A story decades in the making!
Long has her tale been told by others, but witness for the first time-in intimate detail-the one true secret origin of Poison Ivy, as revealed by the viridescent villainess herself.
The GLAAD Media Award-winning team of writer G. Willow Wilson and artist Marcio Takara reunites to tell this heartbreaking and historic origin story as only they can.
COMICONStrap in and prepare for a story years in the making, as the curtain is peeled back in ‘Poison Ivy’ as the villain finds the space to tell her true life story. Every type of story this team sets out to tell is a delight, full of eerie gorgeous imagery and impeccable story development energy.
Geek DadThis reminds me a lot of the origin of Harley Quinn as well, but Woodrue isn’t a cackling clown that it’s hard to see how someone could fall in love with. He’s an all-too-real monster, and this is easily the scariest he’s come across. This feels like it could be opening some fascinating doors into the history of these plant-based characters, but the underlying story is darkly familiar in the best way.
ComicBook.comPoison Ivy #19 takes the idea of one's life flashing before their eyes as they die and turns it into a revisiting of Pamela's origin story and much in the same way the entire Poison Ivy run has helped craft more humanity and accountability into this beloved character, this new origin adds new depth and nuance as well. The issue sees young Pam in the sway of the sociopathic and brilliant Jason Woodrue who happens to be her professor and later greatest enemy, but also doesn't put at his feet her failings. Pam takes accountability for her own naiveté and the various places where she could have chosen differently. It also cleverly weaves in some other characters and makes them part of her early story as well. It's beautifully done even if there is little action and it is beautifully crafted both in story and art. Poison Ivy #19 is a fantastic issue.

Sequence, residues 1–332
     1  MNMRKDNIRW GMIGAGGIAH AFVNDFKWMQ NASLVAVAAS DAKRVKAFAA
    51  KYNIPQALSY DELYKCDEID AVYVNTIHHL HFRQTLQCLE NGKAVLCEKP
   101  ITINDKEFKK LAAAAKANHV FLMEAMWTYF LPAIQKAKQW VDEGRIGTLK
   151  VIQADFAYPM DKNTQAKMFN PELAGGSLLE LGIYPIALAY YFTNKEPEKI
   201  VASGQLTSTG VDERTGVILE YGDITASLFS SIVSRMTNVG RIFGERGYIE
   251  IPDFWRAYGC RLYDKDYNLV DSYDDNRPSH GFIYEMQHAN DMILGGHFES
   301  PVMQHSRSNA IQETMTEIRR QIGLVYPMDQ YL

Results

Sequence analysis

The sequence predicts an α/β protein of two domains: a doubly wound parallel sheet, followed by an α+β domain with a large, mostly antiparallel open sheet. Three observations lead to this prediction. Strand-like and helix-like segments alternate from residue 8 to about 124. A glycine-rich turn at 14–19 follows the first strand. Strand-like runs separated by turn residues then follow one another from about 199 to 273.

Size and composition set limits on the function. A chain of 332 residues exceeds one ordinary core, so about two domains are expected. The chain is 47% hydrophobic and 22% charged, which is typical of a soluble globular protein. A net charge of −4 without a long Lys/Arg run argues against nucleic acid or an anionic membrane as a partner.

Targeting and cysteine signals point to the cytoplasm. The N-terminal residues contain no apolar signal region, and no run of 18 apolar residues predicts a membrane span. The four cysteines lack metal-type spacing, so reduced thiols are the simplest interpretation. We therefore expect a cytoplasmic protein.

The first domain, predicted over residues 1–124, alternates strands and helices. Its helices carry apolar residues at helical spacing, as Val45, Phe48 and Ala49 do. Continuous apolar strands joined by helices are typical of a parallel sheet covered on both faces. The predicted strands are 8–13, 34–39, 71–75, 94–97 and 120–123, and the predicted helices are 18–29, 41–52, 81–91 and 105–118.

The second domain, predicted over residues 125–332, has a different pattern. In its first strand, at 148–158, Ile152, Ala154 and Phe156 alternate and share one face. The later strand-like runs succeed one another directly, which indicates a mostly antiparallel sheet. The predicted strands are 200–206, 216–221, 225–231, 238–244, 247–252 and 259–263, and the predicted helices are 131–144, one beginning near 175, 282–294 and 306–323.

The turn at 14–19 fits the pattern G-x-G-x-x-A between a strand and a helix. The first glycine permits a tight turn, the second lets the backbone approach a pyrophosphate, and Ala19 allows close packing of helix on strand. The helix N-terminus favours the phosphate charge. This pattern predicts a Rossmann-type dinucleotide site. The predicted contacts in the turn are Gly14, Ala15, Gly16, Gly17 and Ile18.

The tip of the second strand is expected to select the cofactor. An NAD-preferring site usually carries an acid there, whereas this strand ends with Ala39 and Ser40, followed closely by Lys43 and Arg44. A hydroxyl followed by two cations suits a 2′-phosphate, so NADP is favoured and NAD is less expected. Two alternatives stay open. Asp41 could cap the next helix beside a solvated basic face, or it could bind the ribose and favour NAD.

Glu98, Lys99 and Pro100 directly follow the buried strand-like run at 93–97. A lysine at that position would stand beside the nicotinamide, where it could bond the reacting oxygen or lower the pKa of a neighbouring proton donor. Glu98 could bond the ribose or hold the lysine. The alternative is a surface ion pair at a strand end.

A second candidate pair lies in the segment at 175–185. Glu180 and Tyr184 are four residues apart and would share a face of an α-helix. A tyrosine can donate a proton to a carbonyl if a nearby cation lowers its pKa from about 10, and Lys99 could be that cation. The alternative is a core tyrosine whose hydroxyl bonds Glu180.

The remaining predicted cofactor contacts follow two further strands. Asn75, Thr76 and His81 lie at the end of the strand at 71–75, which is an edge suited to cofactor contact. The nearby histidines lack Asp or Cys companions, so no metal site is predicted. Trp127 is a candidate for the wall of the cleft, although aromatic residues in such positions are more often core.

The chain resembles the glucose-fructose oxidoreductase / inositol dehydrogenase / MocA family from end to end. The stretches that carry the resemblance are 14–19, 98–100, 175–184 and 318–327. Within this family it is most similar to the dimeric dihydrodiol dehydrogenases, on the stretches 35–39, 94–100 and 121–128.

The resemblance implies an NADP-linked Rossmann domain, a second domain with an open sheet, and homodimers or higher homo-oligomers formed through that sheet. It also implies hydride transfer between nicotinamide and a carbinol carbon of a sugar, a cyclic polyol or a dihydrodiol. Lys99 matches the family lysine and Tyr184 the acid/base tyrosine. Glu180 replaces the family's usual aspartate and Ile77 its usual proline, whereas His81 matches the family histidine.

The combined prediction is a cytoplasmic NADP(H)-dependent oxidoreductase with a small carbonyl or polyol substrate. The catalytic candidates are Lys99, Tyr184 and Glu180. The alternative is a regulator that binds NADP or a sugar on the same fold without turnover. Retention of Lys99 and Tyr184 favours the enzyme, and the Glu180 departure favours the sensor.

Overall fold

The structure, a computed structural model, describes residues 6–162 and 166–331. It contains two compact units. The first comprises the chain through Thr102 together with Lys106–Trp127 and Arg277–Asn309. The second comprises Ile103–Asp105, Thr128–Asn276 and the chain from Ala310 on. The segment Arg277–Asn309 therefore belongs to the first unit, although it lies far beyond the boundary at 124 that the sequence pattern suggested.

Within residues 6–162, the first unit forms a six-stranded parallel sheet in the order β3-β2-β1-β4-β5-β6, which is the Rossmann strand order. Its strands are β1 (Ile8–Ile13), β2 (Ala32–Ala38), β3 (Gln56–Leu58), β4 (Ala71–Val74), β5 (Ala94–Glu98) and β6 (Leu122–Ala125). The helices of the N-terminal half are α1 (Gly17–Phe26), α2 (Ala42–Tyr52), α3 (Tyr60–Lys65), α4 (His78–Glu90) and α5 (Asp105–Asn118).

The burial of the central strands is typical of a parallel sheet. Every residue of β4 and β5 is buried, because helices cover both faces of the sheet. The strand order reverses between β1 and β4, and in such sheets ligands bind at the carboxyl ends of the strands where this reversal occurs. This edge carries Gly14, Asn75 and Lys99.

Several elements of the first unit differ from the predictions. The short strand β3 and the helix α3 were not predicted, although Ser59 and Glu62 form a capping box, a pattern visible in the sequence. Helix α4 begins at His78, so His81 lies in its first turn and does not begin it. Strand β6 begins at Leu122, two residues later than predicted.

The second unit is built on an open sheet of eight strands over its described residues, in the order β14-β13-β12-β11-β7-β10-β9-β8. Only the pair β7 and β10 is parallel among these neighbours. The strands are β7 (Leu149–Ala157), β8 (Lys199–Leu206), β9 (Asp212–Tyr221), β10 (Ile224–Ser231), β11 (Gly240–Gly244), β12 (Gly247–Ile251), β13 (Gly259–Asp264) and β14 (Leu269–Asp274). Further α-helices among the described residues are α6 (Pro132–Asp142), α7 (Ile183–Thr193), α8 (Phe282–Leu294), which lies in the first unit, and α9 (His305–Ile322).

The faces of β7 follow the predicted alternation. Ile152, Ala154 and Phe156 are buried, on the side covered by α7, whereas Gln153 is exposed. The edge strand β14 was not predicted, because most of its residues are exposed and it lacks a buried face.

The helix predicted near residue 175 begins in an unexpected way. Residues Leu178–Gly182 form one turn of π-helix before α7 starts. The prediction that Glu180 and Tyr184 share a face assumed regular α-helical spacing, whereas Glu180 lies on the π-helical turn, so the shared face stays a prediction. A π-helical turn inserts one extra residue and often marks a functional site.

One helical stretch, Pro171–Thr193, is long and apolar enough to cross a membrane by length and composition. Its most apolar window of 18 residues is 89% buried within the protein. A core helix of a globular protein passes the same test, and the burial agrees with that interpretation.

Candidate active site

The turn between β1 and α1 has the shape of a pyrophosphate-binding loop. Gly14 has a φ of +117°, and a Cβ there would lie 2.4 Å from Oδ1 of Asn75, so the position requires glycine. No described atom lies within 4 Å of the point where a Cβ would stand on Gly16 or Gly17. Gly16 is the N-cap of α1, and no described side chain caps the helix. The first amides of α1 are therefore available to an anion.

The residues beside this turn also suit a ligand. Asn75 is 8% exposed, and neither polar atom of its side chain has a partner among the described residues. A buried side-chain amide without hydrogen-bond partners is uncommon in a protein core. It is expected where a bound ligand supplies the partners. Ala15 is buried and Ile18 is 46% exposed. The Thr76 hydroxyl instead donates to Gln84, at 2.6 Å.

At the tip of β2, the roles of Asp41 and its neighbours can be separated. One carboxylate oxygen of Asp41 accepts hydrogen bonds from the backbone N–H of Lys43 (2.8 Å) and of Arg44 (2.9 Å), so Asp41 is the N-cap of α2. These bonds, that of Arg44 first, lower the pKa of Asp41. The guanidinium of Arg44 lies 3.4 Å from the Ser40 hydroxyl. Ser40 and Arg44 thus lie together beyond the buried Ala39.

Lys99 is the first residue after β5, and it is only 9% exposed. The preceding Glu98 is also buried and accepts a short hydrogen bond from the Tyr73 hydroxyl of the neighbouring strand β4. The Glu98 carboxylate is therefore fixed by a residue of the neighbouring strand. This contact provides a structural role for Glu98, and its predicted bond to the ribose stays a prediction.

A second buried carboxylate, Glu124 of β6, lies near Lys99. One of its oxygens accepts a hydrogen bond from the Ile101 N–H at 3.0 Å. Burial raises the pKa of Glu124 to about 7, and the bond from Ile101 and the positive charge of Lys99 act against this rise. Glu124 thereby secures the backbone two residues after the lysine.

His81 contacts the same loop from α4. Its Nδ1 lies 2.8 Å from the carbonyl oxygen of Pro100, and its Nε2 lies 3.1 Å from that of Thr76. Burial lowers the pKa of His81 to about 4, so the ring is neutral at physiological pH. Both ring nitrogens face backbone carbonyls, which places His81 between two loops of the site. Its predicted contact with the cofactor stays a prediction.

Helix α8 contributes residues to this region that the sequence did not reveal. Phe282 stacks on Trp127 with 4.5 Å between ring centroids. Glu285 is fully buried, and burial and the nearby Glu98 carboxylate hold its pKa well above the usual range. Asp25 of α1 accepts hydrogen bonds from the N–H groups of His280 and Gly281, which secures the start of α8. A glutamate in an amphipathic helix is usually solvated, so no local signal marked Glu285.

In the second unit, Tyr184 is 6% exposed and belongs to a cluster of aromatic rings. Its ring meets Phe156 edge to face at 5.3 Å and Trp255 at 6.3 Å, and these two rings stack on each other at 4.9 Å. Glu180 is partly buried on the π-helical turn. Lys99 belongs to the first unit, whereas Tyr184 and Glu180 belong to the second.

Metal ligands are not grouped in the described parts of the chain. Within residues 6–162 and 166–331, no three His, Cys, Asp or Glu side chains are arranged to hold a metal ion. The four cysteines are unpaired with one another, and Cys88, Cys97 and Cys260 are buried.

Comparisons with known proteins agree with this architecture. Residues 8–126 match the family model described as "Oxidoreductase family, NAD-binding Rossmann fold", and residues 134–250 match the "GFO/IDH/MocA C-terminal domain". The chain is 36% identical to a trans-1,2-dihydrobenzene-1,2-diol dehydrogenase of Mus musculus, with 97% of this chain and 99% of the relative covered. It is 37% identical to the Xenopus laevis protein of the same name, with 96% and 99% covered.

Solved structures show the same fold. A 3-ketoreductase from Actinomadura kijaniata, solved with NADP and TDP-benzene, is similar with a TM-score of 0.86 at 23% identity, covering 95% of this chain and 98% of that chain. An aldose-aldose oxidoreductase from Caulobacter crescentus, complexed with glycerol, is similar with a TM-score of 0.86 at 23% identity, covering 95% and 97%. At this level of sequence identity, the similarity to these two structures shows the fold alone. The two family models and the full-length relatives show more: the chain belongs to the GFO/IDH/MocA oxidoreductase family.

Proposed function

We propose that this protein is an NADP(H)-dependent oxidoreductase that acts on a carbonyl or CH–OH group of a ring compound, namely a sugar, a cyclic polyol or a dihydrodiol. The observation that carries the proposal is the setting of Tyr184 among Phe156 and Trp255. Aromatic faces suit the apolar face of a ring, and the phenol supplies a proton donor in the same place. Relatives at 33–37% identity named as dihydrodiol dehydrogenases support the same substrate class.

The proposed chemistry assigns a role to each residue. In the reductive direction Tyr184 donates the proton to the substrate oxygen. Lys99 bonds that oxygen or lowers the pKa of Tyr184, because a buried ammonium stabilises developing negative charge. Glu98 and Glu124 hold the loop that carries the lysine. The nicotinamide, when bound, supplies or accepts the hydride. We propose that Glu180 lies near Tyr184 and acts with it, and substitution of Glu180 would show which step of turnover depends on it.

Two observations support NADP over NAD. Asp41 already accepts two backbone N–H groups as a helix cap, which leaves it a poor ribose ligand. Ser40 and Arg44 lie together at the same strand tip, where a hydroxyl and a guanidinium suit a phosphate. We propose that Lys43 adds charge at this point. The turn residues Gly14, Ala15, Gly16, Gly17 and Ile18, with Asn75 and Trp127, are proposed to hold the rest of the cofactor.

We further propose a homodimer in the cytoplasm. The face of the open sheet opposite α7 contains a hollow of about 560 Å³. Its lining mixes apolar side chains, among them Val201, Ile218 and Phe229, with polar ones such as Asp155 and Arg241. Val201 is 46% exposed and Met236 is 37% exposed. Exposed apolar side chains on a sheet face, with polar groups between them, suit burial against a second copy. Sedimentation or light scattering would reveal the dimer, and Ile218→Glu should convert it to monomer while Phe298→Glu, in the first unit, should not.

AIPTThe existential nature of Poison Ivy #19’s character study beautifully bookends the issue, with Pamela dying from Woodrue’s violent exit from her body and reflecting on not only the general gift that life is, but also how she chose to embrace the gift of life, and wrench power back under her control. Wilson asserts that Poison Ivy was not born from Woodrue’s experimentations, or engaging with Batman in Gotham City, but from her first act of real rebellion. While Woodrue may still cause Isley to gain powers, Ivy choosing to steal from the school lab – even though it was at Woodrue’s direction – gives the antihero more agency over her creation and the future she decides for herself.
Comic WatchPoison Ivy #19 strips away the series’ hallmark psychedelia in a compelling exploration of one of life’s mundane horrors: abuse.
The Batman UniverseThe beats are undeniably familiar, and there are some major red flags that pop up in this re-telling of Poison Ivy's origin. Nevertheless, I have faith in G. Willow Wilson's writing, and I'm curious to see where the story goes. This, on top of it being one of the best looking comics on stands today, makes Poison Ivy #19 well worth picking up!
Dark Knight NewsPoison Ivy #19 gives us more background on Woodrue and Pammy, which is always interesting, but I'm just not sure about the pacing. We were in the middle of a MAJOR plot point, so the switch to a slightly calmer comic feels a bit weird. However, I trust our team. They've gotten us here so far and the ride has been amazing.